The violin continues to get most of the attention as a solo stringed instrument, but that is not for want of skill in both compositions and virtuoso-level performances focusing on the viola. Although pickings are scarce for violists in Baroque and Classical times (Telemann’s Viola Concerto and Mozart’s Sinfonia Concertante are among the few often-played works), matters certainly improved in the 20th century, thanks partly to violist Lionel Tertis (1876-1975) and partly to composers such as Walton, Bartók and, especially notably, Hindemith. Hindemith’s music tends to be thorny, even dense, making its acceptance – even half a century after his death – less than a sure thing. But when well performed, especially as well performed as it is by Antoine Tamestit on a new Naïve CD, it makes a compelling case for the special virtues of an instrument tuned just a fifth lower than the violin but having vastly expanded emotional capabilities as a result of its larger size and that bottom C string. In Hindemith’s Sonata for Viola and Piano with Markus Hadulla, Sonata for Solo Viola, and two works with orchestra – Der Schwanendreher and Trauermusik – Tamestit consistently offers beautiful tone and a vibrant understanding of Hindemith’s emotional as well as structural depths. These are deeply committed performances throughout, with Tamestit – abetted by very fine work from the Frankfurt Radio Symphony Orchestra under Paavo Järvi – paying special attention to the close relationship between the two viola-and-orchestra works. Trauermusik was written on January 21, 1936, the day after King George V of England died, and received its première the same evening – and it quotes from Der Schwanendreher, whose scheduled performance on January 22 was cancelled because of the king’s death. Trauermusik also quotes from Hindemith’s 1934 Symphony: Mathis der Maler, as listeners familiar with that work will quickly notice. But Trauermusik is more than its components: it is a highly engaging work that takes full advantage of the viola’s ability to mourn both movingly and with beauty. Der Schwanendreher, a full-fledged viola concerto from 1935, is based on folk songs and handles them with considerable compositional skill – Tamestit giving a particularly involving reading of the first movement, “Between Mountain and Deep Valley.” The chamber works are equally effective in their own ways, with Hadulla performing as a true partner in the viola-and-piano sonata and Tamestit’s gorgeous tone and sure stylistic sense keeping the solo-viola sonata involving throughout. Here is a CD that shows just how unfair is the comparative neglect of both the viola and the music of Hindemith.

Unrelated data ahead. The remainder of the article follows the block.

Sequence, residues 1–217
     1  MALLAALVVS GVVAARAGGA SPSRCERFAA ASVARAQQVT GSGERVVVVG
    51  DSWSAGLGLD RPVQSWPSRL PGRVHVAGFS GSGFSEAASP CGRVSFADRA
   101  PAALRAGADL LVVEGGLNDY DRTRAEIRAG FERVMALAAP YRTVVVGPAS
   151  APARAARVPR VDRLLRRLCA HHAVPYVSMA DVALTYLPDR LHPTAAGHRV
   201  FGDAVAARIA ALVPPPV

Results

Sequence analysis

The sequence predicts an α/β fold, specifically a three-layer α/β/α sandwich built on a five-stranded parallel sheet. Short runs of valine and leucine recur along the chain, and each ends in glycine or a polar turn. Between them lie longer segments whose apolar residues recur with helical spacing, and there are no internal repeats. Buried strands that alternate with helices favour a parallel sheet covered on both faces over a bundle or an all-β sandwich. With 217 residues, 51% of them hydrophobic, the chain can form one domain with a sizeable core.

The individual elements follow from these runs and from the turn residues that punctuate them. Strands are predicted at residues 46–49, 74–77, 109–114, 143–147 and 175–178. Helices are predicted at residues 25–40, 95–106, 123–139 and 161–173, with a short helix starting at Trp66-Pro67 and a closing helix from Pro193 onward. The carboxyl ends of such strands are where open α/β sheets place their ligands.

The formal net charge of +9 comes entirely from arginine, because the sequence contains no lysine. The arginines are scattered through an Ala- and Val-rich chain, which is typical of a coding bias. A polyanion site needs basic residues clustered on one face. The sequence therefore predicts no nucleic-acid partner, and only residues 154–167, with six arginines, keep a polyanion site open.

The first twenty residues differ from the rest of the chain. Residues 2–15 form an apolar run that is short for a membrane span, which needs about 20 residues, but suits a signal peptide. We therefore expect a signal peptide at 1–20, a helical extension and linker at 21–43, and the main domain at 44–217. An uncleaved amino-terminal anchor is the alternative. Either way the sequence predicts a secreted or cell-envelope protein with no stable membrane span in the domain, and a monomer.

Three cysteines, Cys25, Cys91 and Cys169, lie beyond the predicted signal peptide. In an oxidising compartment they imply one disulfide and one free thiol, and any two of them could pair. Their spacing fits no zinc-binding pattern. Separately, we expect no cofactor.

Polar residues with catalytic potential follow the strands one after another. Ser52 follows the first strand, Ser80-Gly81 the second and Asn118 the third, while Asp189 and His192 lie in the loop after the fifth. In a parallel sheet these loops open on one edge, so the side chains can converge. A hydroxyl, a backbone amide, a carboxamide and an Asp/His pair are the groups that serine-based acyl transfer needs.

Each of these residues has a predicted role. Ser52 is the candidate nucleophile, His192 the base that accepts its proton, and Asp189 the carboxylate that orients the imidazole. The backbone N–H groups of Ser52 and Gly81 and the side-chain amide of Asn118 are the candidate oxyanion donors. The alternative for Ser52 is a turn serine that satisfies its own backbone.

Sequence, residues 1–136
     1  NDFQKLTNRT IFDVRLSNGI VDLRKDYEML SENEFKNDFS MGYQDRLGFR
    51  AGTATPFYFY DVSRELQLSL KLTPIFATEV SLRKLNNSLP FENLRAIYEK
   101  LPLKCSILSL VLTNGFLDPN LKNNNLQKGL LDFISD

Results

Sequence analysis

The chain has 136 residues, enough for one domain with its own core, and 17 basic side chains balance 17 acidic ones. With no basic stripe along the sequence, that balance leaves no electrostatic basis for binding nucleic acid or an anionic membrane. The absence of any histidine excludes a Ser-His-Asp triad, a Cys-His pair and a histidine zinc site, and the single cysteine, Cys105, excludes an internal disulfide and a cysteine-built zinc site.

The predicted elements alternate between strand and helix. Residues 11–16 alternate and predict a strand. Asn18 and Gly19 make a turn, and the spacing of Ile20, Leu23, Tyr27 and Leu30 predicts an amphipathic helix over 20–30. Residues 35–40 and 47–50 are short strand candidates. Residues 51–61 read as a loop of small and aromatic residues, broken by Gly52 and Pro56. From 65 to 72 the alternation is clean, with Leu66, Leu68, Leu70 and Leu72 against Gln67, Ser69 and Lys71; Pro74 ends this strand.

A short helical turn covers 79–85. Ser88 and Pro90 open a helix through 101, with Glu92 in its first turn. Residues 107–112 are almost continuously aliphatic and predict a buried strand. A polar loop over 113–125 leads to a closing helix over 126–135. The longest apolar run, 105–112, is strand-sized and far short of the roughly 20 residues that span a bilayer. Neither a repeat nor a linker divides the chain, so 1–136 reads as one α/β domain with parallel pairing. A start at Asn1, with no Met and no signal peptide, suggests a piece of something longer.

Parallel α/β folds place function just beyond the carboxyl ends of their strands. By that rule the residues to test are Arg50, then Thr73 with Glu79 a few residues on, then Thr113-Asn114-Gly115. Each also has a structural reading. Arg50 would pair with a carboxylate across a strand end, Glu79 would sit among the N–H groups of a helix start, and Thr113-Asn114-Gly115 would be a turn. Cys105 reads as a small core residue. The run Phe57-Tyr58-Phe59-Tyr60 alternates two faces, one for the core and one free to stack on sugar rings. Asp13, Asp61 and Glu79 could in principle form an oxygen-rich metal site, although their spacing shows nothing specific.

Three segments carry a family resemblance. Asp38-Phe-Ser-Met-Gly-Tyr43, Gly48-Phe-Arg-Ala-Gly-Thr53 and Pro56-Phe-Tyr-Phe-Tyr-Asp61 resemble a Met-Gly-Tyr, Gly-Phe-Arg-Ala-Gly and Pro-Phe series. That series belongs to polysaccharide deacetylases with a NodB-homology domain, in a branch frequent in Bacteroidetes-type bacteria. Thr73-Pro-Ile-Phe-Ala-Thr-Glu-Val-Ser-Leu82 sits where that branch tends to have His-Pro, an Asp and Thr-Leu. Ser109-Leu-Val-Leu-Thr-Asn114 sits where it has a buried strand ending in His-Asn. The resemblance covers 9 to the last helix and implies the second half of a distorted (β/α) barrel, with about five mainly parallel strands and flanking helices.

Hindemith was quite capable of giving the violin as well as the viola a starring performance role, or at least one of first among equals: his Five Pieces for String Orchestra (1927) do just that, delivering effective contrasts between slow, moving vignettes and quicker, more-spirited ones. A new Naxos CD offers them played very well indeed by violinist Emma McGrath and the Seattle Symphony under Gerard Schwarz. The main event on the disc is the complete ballet, Nobilissima Visione, a 1938 work in 11 musical numbers that is almost wholly unknown today, although the three-movement suite that Hindemith created from it is one of his more frequently performed works. The suite contains less than half the ballet’s music, however, and this recording is, surprisingly, the first one of the complete ballet. The ballet traces the life of St. Francis of Assisi, and although the specific elements of the stage work are not directly audible in most of the music, the movements are well individuated: it is easy to hear Hindemith’s attempt to create a piece to complement dance and become part of a theatrical experience. Sections such as “March,” “Festival Music” and “Meditation” are self-explanatory, while ones such as “Appearance of the Three Women” and “Wedding with Poverty” are effective in themselves, even for listeners unfamiliar with the scenes to which they were attached in the choreography by Léonide Massine. Schwarz conducts this work with considerable sensitivity, and Ko-ichiro Yamamoto handles the prominent trombone part with a smooth, well-rounded sound.